Faced with a continual operating deficit (totaling $901,693 over the last 10 years) and a growing list of maintenance needs, the Port is at a crossroads in deciding what Bowerman’s role in aviation and economic development will be in the region, officials say.

“To fully understand the financial and economic impacts of operating or closure of the airport, we must examine all options, including a release from operations,” Nelson says. “The issue is finding out what the process would be to be relieved of operating the airport and alternatives to providing aviation services to the community.”

The only way the FAA would allow Bowerman Field to close is if an equal or better facility was built within a 15-minute drive of the existing airport and opened prior to the Bowerman Field closure.

In an economically depressed area like Grays Harbor, new airport construction is not likely to happen, notes Billie Klein, a long-time airport user and the AOPA Airport Support Network volunteer at Bowerman Field.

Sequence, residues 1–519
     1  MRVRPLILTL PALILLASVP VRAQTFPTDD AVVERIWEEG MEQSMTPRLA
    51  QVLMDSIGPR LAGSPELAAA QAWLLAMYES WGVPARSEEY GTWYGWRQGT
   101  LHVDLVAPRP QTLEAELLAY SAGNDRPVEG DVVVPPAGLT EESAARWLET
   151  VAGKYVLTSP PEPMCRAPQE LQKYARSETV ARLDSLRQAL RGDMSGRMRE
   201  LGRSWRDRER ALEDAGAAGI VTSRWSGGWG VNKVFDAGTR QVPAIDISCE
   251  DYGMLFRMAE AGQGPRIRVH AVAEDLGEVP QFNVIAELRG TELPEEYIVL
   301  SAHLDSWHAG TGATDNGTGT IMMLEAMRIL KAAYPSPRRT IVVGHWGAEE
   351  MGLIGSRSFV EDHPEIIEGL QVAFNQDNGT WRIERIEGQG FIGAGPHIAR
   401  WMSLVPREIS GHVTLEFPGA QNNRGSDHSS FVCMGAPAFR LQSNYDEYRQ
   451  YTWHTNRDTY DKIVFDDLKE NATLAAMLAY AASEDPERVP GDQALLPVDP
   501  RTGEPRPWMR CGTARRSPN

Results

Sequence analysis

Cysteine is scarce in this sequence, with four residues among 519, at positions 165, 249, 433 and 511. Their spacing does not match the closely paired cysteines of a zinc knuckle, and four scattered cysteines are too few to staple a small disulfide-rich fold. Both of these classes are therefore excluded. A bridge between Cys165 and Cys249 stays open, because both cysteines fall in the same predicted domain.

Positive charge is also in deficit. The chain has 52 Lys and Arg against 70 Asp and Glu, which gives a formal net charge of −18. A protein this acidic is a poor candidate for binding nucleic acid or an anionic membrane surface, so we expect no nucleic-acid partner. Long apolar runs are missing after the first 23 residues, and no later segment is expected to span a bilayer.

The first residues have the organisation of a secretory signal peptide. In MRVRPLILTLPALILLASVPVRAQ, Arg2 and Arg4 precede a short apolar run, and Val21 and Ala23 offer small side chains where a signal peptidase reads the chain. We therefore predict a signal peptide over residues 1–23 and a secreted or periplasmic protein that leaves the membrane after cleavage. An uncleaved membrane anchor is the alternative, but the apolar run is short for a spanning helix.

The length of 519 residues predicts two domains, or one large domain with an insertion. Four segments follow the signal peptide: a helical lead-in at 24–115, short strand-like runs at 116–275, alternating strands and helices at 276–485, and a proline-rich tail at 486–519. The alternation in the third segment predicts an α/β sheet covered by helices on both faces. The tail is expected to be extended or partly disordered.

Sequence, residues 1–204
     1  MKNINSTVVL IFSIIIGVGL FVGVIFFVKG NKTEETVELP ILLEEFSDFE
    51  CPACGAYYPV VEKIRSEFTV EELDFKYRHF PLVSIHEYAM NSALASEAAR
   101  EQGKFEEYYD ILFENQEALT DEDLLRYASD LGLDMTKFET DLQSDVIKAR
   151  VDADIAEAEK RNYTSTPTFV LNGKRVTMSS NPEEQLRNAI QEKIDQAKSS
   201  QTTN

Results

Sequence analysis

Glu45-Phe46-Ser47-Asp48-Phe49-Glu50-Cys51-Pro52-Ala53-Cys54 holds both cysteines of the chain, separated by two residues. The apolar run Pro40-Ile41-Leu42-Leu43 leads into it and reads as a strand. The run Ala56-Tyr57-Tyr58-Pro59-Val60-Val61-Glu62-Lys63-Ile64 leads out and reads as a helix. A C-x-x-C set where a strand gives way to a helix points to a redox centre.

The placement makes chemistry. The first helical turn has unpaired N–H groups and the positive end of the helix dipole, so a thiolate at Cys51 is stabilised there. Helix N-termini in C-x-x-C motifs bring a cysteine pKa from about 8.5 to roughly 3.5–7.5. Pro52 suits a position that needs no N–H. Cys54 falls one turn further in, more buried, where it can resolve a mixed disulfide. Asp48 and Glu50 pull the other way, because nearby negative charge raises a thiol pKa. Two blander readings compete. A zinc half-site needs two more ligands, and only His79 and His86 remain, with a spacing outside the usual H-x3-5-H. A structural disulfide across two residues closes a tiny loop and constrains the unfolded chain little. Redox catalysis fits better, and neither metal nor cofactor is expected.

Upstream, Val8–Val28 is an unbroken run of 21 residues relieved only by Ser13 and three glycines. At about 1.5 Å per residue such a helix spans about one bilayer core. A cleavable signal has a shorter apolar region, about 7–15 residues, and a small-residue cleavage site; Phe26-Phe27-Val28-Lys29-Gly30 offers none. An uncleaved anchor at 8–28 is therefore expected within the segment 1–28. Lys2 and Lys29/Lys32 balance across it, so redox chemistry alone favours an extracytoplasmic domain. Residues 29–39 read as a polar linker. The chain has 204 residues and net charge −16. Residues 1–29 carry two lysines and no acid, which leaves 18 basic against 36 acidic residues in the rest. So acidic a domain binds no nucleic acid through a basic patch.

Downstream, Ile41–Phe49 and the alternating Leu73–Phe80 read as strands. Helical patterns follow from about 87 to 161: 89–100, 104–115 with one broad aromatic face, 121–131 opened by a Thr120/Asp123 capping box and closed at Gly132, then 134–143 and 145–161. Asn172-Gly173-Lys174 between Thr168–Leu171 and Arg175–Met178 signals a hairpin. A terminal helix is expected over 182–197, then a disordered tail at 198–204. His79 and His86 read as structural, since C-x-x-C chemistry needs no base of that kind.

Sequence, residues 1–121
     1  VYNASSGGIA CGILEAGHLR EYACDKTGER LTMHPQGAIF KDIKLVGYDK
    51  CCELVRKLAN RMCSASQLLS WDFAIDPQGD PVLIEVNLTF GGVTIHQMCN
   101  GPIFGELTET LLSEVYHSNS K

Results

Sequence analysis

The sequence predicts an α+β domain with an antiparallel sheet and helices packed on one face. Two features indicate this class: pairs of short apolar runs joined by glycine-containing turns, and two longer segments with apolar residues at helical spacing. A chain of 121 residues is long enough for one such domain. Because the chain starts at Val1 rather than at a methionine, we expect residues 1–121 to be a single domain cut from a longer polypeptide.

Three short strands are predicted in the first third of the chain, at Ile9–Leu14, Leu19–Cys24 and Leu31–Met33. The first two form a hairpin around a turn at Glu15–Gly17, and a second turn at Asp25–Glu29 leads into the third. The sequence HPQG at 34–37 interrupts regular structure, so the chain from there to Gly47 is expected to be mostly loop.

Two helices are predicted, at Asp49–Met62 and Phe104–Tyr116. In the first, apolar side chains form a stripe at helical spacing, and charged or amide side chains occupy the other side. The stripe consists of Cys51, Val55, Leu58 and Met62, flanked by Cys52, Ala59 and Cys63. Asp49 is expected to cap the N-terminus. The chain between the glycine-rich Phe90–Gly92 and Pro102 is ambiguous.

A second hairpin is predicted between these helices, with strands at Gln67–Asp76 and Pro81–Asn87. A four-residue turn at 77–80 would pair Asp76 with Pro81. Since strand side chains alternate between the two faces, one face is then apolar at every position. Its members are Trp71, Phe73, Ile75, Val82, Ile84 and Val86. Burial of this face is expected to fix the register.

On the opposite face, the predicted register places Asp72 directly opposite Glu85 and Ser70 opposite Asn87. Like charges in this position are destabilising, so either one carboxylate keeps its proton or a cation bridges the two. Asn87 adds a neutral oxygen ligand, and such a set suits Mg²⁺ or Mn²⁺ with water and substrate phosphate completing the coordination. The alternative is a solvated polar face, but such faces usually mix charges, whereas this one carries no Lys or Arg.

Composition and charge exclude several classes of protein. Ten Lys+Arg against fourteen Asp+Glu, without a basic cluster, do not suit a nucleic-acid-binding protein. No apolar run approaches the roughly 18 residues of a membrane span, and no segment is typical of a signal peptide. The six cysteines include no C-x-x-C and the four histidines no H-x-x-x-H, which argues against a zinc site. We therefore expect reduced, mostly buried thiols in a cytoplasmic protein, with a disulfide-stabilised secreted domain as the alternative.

“Recently our local newspaper conducted a poll and 71% of the people who responded — they are not all pilots, mind you — said for the Port to keep the airport open and leave it where it is,” said Klein. “We understand that the FAA will tell the Port that they can’t close the airport, but we also understand that there is a way that the FAA’s decision could be overridden by Congress. To that end we are asking everyone in the community to write to their Congressman and tell them how important the airport is to the community.”

According to Klein, the airport has approximately 25,000 operations a year. A majority, 15,000, are transient traffic.

“The airport is used for a lot of training by both civilian pilots and the military,” she said.

Klein, who has been part of the Hoquiam airport community since 1994, says part of the aviation community’s frustration with the Port is the perceived lack of maintenance at the airport.

“They take their time,” she explained. “When I first came here in 1994, repairs to the rotating beacon was high on my list. The rotating beacon was scheduled for replacement in the 1995 or 1996 Master Plan, but it hasn’t been done. It is ready to fall down. One of the port employees says he won’t climb up there anymore because the ladder, which we think is from the 1940s, is too rickety. But what is most critical at this time is the striping on the airport. They need to redo the striping on the runway threshold and the hash marks for the ILS have all but disappeared. The paint is just peeling off. Also there are small cracks in the runway that need to be taken care of before they become severe.”